Emergency Preparedness – Are You Ready?

Angie Szumlinski Uncategorized

As we soldier through the winter months, it is a great time to think about emergency preparedness.  When we think about emergencies, we often think of the usual winter events: snow storms, blizzards, power outages, staffing challenges, etc.  However, as we have learned in recent years, there is more to an emergency preparedness plan that moving snow and salting parking lots.  This is a good time to review  your current disaster manual and ensure that you have the latest and greatest information available to maintain a safe environment.

First on the list, keeping your home warm and your residents safe.  In a recent visit to a non-licensed assisted living community, the boiler system was down.  It was about 30 degrees outside and residents were operating small space heaters in their individual locked apartments.  Although the community was not licensed, they were caring for elderly residents requiring assistance.  Remember, the NFPA #101 Life Safety Code (2000 edition) states that portable electric space heaters are prohibited in smoke compartments where residents are present in skilled nursing facilities.  Even if your community doesn't fall under these guidelines, allowing the use of portable electric space heaters in resident care areas increases risk to your residents.  Remember, if it is important enough for the Life Safety Code to include this provision, then it is important enough!

Second, Ebola. Everyone is asking about guidelines for managing this frightening disease.  The good news is that in our environment, the risk of contracting Ebola is relatively low.  That said, the infection control program within your home should include the basic processes for preventing the spread of infection with a special focus on hand hygiene.  There are several informational links on Ebola provided below.  Consider reviewing the information, updating your infection control manual, and educating residents, families and caregivers on the updated protocols.  Remember, it is important to keep everyone informed of the latest updates to facility protocols.

Lastly, an event that instills fear in all providers, the risk of workplace violence such as an active shooter.  There was a time that this was not a concern in our settings. However, times have changed and the risk of experiencing this type of event has increased dramatically.  How do we prepare to address this type of issue?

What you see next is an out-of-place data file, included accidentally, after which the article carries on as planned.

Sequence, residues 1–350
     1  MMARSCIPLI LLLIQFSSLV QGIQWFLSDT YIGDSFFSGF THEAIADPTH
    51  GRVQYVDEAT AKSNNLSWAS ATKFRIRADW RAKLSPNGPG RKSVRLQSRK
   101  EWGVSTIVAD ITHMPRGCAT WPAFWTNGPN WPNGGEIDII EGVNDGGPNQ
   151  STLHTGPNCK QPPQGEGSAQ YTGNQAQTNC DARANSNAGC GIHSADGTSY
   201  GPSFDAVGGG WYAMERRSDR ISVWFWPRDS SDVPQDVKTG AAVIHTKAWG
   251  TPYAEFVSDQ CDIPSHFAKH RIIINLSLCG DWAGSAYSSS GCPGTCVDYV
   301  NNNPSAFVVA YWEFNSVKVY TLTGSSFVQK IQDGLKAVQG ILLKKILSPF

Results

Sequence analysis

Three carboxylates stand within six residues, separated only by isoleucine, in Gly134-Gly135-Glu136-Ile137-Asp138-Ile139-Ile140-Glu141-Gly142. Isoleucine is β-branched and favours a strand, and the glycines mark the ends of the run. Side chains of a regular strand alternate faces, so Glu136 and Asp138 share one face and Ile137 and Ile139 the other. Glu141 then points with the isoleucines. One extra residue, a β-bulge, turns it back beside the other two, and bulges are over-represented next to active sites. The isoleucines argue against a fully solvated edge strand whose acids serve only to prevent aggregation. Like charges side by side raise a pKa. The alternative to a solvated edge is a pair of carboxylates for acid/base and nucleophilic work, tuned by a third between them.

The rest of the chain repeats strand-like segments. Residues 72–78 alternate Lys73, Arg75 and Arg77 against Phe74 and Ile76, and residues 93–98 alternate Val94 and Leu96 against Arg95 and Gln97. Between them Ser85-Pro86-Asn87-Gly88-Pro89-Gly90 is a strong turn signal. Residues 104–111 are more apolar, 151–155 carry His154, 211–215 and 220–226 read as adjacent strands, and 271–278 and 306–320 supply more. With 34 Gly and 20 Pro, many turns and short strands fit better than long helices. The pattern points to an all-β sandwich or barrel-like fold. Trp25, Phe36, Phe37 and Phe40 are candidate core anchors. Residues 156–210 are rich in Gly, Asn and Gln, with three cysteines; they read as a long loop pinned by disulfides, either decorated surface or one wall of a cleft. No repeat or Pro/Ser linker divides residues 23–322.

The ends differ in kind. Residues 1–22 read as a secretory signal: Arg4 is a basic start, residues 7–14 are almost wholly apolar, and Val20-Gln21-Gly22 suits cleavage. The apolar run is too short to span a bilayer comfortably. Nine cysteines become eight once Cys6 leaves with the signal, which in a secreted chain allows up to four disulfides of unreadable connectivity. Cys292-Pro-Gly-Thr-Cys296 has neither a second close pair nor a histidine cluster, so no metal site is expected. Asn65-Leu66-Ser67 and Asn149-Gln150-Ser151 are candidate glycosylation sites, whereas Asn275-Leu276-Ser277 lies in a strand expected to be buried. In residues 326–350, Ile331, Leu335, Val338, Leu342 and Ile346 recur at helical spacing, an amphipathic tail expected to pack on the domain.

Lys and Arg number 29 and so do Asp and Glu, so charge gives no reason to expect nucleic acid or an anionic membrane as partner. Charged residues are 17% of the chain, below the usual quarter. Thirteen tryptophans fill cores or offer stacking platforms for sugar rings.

A new healthcare facility emergency preparedness resource is available that incorporates “Active Shooter Planning into Healthcare Facility Emergency Operation Plans.”  This resource was released and posted to the Public Health Emergency website in collaboration with the ASPR's Divisions of Health System Policy and Tactical Programs, Federal Emergency Management Agency, the Federal Bureau of Investigation, and the Healthcare Public Health Sector Coordinating Council.  The documents show how government and private sector partners can work together to benefit our healthcare and public health communities.  This overview, along with the more comprehensive “2014 Active Shooter Planning and Response in a Healthcare Setting” guide, provides valuable tools for all healthcare locations including academic institutions, hospitals, long term care centers, outpatient centers, and physician offices.

In the near future, an updated version of the “Active Shooter Planning and Response in a Healthcare Setting” guide will be released.  It will include sections on law enforcement tactics and considerations as well as integrated medical and psychological response.  

As we begin a fresh new year in 2015, take a moment to prepare and please contact your Evolucent Risk Manager for assistance!  Be safe and have a wonderful new year!

Ebola Update from MDCH – December 5, 2014

1. Factsheet: CDC's Ebola Response Team – December 2, 2014
http://www.cdc.gov/vhf/ebola/pdf/ebola-response-team.pdf

2. Interim Guidance for U.S. Hospital Preparedness for Patients with Possible or Confirmed Ebola Virus Disease: A Framework for a Tiered Approach – December 2, 2014
http://www.cdc.gov/vhf/ebola/hcp/us-hospital-preparedness.html

3. Interim Guidance for Preparing Frontline Healthcare Facilities for Patients with Possible Ebola Virus Disease – December 2, 2014
http://www.cdc.gov/vhf/ebola/hcp/preparing-frontline-healthcare-facilities.html

4. Interim Guidance for Preparing Ebola Assessment Hospitals – December 2, 2014
http://www.cdc.gov/vhf/ebola/hcp/preparing-ebola-assessment-hospitals.html

5. Interim Guidance for Preparing Ebola Treatment Centers – December 2, 2014
http://www.cdc.gov/vhf/ebola/hcp/preparing-ebola-treatment-centers.html

6. Current Ebola Treatment Centers – December 2, 2014
http://www.cdc.gov/vhf/ebola/hcp/current-treatment-centers.html

7. OSHA Fact Sheet: PPE Selection Matrix for Occupational Exposure to Ebola Virus – November 24, 2014
http://www.dol.gov/osha/pdf/OSHA_FS-3761_PPE_Selection_Matrix_-_Ebola_(11-24-14).pdf

8. Information on the Survivability of the Ebola Virus in Medical Waste – November 21, 2014
http://www.cdc.gov/vhf/ebola/hcp/survivability-ebola-medical-waste.html

9. Emergency Medical Treatment and Labor Act (EMTALA) Requirements and Implications Related to Ebola Virus Disease – November 21, 2014
http://www.aha.org/content/14/141121-sc15-10emtala-ebola.pdf

10. iTunes U app for iPad and iPhone: The Nebraska Ebola Method- For Clinicians
https://itunes.apple.com/us/course/nebraska-ebola-method-for/id933439277
Course is also available through Moodle:
http://phtc.unmc.edu/moodle/